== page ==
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Tax credit mayhem increasing risk of poverty

22 June, 2005


Sinn Féin spokesperson on Poverty, North Belfast MLA Kathy Stanton commenting after the publication of two highly critical reports into the Tax Credit system has said that Sinn Féin constituency offices have been inundated with complaints about the Tax Credit system and called for urgent action to tackle the mayhem.

Ms Stanton said:

"These reports from the parliamentary ombudsman and Citizens Advice show that the Tax Credit scheme is flawed. Working Tax Credit and Child Tax Credit was supposed to help families on low income. Instead it has driven many into debt that will take years to pay off. Not only are they having huge amounts taken out of their Working Tax Credit, they are also losing a large chunk of their Child Tax Credit. The danger is that it will increase the risk of poverty and debt levels for some of the poorest people in our society.

"We met with the regional director of Inland Revenue earlier this year. Sinn Féin believe that a flexible partnership approach should be at the heart of the Tax Credit system. We also made a number of recommendations in relation to forms and challenged the legality of the computer-based assessments.

"Ever since the introduction of this scheme in 2003 there have been major IT failures and very serious problems with over-payments. It is time to sort out the mayhem because the way that Inland Revenue are going about its business and particularly the way it is attempting to recover over-payments is causing great hardship and huge anxiety.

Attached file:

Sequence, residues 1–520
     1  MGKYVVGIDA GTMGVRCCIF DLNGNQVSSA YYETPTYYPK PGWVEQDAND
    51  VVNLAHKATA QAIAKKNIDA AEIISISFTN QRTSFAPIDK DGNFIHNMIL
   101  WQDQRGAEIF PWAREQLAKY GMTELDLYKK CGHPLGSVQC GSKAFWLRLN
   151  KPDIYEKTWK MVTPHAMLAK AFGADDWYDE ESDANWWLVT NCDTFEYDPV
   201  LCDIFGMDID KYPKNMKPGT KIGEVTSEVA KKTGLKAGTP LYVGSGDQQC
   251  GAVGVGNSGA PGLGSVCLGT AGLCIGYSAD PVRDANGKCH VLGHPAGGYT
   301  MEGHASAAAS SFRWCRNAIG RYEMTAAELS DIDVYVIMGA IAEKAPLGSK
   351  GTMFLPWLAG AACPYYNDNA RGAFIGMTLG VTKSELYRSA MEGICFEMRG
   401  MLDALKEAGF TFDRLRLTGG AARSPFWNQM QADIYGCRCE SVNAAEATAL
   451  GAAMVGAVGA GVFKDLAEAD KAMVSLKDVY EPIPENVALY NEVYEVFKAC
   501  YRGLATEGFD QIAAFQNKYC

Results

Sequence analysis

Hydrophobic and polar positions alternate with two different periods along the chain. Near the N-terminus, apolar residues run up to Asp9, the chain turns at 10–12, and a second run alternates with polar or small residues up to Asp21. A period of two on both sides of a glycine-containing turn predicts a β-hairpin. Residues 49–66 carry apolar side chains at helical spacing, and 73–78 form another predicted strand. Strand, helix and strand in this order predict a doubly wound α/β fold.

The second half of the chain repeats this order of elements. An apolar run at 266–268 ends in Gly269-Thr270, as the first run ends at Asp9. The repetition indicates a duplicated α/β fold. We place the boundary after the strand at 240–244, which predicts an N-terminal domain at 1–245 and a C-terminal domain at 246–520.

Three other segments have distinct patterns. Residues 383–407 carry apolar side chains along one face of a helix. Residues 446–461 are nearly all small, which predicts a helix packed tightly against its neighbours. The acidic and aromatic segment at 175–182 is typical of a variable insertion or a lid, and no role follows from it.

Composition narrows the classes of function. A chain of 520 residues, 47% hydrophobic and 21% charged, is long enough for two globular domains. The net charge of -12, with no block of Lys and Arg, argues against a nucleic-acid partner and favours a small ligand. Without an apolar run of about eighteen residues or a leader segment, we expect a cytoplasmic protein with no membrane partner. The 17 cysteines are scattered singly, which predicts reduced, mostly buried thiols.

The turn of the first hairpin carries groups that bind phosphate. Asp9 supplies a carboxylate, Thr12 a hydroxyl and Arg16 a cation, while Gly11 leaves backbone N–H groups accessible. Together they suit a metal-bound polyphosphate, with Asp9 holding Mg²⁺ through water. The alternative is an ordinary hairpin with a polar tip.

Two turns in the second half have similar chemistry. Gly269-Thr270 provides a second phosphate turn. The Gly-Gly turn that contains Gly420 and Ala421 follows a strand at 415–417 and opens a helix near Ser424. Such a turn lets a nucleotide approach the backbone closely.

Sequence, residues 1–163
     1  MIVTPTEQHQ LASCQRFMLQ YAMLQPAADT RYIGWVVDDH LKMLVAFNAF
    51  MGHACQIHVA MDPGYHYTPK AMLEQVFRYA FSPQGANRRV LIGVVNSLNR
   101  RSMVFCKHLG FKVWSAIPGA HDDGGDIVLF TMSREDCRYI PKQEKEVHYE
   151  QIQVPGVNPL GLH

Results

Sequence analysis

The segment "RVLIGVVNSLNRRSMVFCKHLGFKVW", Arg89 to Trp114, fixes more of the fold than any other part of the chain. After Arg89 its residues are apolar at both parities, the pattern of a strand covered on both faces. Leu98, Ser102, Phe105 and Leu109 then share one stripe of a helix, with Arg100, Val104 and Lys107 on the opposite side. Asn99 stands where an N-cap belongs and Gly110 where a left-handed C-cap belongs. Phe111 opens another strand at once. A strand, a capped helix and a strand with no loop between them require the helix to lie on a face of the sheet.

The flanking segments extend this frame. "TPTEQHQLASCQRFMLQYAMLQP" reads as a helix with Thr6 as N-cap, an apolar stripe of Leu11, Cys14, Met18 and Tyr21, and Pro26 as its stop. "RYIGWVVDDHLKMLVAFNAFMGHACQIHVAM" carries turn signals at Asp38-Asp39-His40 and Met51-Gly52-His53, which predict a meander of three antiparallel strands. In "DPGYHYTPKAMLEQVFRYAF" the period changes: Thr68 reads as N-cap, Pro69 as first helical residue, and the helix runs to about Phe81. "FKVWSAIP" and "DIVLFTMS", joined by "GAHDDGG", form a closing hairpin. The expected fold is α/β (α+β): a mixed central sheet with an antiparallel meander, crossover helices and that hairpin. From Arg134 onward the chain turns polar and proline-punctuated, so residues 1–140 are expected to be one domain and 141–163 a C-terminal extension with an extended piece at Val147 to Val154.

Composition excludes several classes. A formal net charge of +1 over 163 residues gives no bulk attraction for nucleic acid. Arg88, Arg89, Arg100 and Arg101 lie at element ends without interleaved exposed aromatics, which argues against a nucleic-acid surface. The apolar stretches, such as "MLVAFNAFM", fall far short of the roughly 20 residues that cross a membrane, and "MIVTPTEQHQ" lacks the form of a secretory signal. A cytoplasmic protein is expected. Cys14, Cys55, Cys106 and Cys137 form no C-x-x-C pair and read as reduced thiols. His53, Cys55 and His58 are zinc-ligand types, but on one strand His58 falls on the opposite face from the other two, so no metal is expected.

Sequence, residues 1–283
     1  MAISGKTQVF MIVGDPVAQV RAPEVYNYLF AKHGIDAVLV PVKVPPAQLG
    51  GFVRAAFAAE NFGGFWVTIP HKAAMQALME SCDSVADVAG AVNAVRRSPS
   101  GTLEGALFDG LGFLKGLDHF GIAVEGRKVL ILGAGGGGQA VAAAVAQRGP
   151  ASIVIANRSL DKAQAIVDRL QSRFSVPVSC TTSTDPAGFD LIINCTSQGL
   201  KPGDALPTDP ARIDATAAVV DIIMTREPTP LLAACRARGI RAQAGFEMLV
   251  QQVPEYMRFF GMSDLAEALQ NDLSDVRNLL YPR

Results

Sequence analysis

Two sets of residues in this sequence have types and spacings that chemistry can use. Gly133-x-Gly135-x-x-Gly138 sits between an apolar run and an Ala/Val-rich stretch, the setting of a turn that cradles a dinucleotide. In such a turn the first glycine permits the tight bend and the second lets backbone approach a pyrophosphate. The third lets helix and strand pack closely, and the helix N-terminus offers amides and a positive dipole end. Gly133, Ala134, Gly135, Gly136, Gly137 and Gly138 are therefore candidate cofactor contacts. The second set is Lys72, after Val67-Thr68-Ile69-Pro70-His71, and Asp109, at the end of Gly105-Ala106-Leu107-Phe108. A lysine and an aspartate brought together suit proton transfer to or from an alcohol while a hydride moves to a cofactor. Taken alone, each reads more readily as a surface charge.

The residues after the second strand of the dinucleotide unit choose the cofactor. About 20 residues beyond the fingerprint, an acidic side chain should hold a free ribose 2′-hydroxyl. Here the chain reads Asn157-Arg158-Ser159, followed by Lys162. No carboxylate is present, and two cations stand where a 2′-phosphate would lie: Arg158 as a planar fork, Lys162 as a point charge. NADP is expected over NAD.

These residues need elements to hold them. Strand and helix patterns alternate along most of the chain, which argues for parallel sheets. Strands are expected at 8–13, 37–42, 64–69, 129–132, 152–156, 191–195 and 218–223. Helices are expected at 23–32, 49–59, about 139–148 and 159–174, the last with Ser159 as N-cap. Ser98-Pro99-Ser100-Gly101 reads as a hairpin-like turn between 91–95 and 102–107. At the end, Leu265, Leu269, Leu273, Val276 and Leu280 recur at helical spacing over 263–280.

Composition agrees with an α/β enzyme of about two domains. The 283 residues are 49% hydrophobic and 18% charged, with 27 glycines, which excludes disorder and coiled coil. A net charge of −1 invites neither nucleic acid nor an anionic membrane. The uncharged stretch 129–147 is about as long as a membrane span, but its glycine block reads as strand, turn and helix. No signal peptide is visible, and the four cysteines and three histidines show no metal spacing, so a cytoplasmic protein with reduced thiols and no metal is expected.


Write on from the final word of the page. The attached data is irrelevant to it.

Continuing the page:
"The Tax Credit scheme was intended to tackle poverty and get people, particularly women, back into employment and training. However, these two reports, particularly the report from Citizens Advice provide hard evidence that the system is failing families most in need. This is making it harder for people to move into and continue with employment.

"Last year Sinn Féin called for an amnesty on overpayments with a clean start for those who are reapplying for tax credits. The recommendation to write off overpayments that result from Inland Revenue errors should be given real consideration but this in itself would not tackle the problems within the system.

"A large percentage of my time is spent dealing with tax credit issues. Hundreds of constituents have been placed in a difficult situation through no fault of their own. The computer system seems unable to cope and the safety nets that should help sort out problems have failed. The problem is that tax credit system is not transparent and isn‚t working." ENDS

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